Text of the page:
Once considered a ghost town, Caldwell is experiencing a cultural renaissance.
Mollie Carroll, an organizer for the Boise Baby Boomers Meetup group, invited her winter walking group to Caldwell in early March. After coffee and conversation at Flying M Coffee Shop, they enjoyed a pleasant walk along the full length of the greenbelt. Next was a movie at the Luxe Reel Theatre, followed by dinner at Amano, a downtown restaurant known for its handcrafted Mexican cuisine.
The outing included a few surprises for Carroll, including the discovery of a peaceful meditation garden at the west end of the greenbelt.
“Downtown Caldwell has been renovated so beautifully, and I wanted to check out some of the entertainment offered there,” she said. “It’s a great destination for fun activities without the big crowds often found in Boise.”
Attractive Business Incentives
Much of the flourishing economic development has to do with the creek and park redesign, according to the Urban Land Institute. New grade and flow adjustments to the waterway, part of the Indian Creek daylighting effort, convinced the Federal Emergency Management Agency (FEMA) in 2009 to downgrade the flood risk in downtown Caldwell. This led to reduced insurance premiums and enhanced property values for businesses in the city’s core.
In addition, a city-funded incentive package was introduced in 2008 for new downtown development, explained Dean Gunderson in his article “Daylighting Caldwell: Urban renewal transforms an asphalt floodway.” This included a 60% cost-share for downtown streetscape improvements, a new transportation grant, downtown Wi-Fi system, police bike patrol rotation and a potential reduction in permitting costs for green buildings certified by Leadership in Energy and Environmental Design (LEED).
In 2016 the Caldwell Urban Renewal Agency adopted a facade improvement program that matched 35% of the cost of renovation, improving the appearance of buildings surrounding the plaza. In some cases, that meant restoring brick and sandstone buildings from the early 1900s to reveal their historic charm, even as the plaza itself was being constructed.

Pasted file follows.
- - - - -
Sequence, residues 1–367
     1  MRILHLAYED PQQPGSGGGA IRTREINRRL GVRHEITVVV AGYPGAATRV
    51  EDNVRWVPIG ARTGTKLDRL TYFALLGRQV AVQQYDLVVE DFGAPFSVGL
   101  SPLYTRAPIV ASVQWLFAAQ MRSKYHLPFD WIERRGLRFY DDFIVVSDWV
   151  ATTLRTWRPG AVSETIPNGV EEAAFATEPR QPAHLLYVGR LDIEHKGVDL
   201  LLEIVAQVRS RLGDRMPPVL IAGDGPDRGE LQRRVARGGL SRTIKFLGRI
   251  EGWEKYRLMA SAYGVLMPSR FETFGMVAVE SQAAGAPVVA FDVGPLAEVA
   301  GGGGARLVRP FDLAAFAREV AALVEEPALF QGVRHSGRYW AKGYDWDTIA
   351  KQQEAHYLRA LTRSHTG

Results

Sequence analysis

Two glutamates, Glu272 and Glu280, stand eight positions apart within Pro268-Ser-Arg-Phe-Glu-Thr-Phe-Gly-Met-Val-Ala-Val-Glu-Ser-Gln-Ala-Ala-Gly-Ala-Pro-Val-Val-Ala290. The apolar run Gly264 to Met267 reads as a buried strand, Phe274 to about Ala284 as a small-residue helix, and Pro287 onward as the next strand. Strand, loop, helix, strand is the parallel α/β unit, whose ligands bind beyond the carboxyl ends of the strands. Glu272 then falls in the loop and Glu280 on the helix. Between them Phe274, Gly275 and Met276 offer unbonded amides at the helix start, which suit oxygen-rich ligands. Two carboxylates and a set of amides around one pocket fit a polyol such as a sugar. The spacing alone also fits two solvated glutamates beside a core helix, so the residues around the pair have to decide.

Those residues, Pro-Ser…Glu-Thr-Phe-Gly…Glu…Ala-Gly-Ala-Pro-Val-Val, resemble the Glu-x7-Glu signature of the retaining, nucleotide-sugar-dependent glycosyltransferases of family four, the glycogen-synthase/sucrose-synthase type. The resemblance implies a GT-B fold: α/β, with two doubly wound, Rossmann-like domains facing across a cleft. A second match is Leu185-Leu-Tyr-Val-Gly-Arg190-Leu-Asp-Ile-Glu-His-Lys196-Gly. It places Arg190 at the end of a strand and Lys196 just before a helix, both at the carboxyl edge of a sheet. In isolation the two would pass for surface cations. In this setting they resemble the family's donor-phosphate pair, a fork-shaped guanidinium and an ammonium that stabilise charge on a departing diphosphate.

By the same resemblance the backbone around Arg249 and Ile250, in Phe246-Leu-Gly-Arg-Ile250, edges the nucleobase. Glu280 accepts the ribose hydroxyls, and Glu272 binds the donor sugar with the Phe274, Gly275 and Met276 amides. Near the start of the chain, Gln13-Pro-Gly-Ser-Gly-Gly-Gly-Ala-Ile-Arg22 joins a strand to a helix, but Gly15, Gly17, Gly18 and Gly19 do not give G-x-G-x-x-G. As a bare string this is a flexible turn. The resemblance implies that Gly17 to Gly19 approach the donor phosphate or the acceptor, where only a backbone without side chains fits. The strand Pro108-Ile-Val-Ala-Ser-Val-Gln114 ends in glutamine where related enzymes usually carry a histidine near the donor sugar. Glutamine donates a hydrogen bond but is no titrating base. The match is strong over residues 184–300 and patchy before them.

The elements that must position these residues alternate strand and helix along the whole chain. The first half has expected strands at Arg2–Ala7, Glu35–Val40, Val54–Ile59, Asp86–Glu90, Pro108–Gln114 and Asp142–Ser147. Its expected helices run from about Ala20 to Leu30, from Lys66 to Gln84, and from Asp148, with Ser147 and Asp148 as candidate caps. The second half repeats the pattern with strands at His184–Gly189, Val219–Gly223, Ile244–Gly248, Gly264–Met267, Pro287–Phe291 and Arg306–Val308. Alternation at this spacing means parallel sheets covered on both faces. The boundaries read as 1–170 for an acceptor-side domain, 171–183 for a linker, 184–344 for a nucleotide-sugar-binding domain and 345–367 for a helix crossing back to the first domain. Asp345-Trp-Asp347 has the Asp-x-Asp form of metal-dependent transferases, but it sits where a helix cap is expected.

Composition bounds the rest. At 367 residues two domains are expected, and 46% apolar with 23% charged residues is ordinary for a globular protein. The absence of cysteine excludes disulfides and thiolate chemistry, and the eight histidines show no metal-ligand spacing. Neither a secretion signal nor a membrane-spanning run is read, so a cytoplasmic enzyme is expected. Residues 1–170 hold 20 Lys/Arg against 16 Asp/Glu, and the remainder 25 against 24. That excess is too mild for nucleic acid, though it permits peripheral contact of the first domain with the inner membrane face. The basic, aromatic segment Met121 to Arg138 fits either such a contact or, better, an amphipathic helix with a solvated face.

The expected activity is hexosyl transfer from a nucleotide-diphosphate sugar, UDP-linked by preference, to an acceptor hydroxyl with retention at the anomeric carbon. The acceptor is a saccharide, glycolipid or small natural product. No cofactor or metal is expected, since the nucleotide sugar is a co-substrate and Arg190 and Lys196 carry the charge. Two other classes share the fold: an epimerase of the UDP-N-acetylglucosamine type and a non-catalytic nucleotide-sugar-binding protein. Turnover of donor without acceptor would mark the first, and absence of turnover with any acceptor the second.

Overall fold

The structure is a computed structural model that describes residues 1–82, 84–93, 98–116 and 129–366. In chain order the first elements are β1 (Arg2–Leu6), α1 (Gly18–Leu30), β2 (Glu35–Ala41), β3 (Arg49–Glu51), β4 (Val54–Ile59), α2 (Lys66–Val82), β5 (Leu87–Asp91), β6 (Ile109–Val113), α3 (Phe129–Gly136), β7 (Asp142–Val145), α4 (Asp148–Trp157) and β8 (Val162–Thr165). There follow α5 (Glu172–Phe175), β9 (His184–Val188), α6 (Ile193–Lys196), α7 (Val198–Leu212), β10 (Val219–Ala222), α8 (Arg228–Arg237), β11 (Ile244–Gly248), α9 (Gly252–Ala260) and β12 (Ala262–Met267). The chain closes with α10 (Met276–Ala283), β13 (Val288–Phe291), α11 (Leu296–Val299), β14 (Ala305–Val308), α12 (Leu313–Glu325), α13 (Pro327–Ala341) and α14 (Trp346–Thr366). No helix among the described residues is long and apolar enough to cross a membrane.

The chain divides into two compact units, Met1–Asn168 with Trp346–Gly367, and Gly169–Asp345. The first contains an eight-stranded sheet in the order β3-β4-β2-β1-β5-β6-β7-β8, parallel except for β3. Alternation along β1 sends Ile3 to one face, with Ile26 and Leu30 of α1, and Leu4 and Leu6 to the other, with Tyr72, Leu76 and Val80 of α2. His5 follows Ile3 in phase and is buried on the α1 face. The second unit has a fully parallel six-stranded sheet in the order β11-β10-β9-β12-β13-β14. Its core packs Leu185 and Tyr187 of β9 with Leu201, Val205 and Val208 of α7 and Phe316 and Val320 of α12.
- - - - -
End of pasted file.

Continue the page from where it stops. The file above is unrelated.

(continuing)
While Caldwell has become the Treasure Valley’s newest destination spot, the impact of Indian Creek Plaza and restoration of the city’s signature stream is not limited to attracting visitor traffic from neighboring communities. By investing in itself, Caldwell has become a treasure for its own residents and future generations.
The main goal was always to bring Caldwell residents back to a downtown they could be proud of, according to Smith-Sigman.
“Instead of shopping, dining and playing in other communities, we want people to have the opportunity to stay in their hometown.”
So as Caldwell celebrates its homecoming, its downtown revitalization continues. If recruitment efforts are successful, a boutique hotel, wine tasting rooms, art galleries, specialty shops, a full-service bike shop, business innovation center and upper-story residential and office space may soon add to the city’s appeal.